Ending the contract in Youngstown was an important step toward eliminating prisons for profit in Ohio. Hopefully, the state prison system and the U.S. Marshals follow the BOP's lead and cut ties with CCA as well.

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Kind of like United airlines firing its good employees and replacing them with minimum wage totally inexperienced people, you save a buck to lose everything. For profit prisons shouldn't be legal ... it is slavery plain and simple.


this is fantastic news!!

ALL for profit prisons should be shut down. no one should be allow to make a profit from another persons misery. it inhuman and inhumane!


"Ending the contract in Youngstown was an important step toward eliminating prisons for profit in Ohio."

Do you seriously believe this statement? CCA is one of several companies in the country operating a for profit prison business. Even if CCA were banished from all Ohio prisons, including State facilities, it would only open the door for their competition or a new startup to get a lucrative contract.

I'm glad to see them go, but I think your comment is naïve.


I was one of the original corrections officers hired at the Youngstown CCA (NEOCC) facility. I had just retired from the Army as a senior noncommissioned officer when the "opportunity" to join CCA opened up. At the time, this was undoubtedly the only game in town, as Youngstown was (and likely still is) a depressed area. As a 20-year leader in the Army, I found myself to be more than qualified--with proper training--for the position of corrections officer. The pay was low, but hey, it was a job and I was grateful.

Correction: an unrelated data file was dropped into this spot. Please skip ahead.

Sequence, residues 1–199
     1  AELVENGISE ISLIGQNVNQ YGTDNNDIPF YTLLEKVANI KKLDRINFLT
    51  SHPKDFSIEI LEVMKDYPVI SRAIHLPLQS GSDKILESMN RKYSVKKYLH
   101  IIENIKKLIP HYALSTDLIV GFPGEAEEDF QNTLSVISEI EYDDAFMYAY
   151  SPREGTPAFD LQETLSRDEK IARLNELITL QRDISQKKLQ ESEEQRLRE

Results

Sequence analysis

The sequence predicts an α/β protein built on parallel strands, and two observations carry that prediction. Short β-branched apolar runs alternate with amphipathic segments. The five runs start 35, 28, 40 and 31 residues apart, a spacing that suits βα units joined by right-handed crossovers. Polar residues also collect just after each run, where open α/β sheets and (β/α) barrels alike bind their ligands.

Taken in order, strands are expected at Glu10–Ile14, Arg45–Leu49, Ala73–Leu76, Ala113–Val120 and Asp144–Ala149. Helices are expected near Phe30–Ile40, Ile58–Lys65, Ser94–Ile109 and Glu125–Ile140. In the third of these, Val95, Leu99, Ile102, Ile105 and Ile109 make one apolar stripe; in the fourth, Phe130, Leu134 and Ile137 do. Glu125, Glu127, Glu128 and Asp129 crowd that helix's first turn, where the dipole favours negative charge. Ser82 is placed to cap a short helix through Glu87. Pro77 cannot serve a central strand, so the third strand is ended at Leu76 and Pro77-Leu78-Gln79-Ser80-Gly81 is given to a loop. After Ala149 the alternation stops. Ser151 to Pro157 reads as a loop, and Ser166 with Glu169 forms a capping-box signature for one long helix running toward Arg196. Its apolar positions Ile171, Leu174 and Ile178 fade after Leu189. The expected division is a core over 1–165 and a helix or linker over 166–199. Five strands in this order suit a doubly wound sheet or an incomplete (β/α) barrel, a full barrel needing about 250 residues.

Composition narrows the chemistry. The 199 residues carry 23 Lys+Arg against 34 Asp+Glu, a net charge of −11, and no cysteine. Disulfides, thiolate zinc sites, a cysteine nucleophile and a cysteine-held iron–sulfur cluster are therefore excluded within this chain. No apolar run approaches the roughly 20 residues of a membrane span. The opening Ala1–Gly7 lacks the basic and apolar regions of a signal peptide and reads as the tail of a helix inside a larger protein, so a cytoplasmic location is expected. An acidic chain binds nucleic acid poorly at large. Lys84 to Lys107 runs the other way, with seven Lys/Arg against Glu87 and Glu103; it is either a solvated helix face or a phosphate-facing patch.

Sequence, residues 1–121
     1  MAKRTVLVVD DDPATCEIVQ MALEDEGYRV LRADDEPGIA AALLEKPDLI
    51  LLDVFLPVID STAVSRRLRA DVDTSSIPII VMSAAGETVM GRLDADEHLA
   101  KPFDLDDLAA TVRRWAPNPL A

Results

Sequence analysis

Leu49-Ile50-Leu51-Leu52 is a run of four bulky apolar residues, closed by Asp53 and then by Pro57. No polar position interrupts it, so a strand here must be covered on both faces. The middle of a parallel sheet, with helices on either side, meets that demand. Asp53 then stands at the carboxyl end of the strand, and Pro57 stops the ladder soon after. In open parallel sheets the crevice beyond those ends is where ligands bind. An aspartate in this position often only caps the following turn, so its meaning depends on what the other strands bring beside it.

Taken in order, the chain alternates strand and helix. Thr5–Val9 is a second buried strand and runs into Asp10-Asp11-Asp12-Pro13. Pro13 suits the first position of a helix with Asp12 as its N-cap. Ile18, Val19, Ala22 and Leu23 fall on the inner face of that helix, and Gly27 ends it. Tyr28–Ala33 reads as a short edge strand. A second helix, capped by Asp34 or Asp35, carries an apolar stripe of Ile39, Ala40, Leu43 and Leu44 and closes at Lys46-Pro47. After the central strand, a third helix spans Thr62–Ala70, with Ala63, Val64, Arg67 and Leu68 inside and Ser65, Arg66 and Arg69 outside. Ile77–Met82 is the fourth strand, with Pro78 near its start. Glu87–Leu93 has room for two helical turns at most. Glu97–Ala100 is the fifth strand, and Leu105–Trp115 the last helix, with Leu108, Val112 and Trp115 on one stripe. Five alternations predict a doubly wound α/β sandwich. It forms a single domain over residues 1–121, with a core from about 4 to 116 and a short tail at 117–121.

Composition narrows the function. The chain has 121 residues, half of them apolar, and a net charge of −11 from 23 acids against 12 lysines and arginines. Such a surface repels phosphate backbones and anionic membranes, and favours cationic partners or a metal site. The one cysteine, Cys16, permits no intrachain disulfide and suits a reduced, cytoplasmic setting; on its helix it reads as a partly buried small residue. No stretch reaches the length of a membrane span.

Almost immediately after training started, I saw some areas that caused me concern. Being very familiar with intensive training (the Army is very keen on intensive, realistic, performance-based, outcome-driven training) training at NEOCC was substandard to say the least. By the time training was over, I had thought to myself "I'm in trouble here." And it wasn't entirely due to the training, which was filled with downtime and wasted opportunities.

No, it was that I found myself surrounded by a bunch of young kids who knew nothing about leadership or managing people in potentially hostile environments. Training included virtually no scenario work, nor did it address person-to-person and person-to-group contact and management. Good for me that I had such experience, albeit no in a prison environment. What worried me most from day one was the other officers and how they would be able to handle themselves or be able to cover my back in tense or violent situations.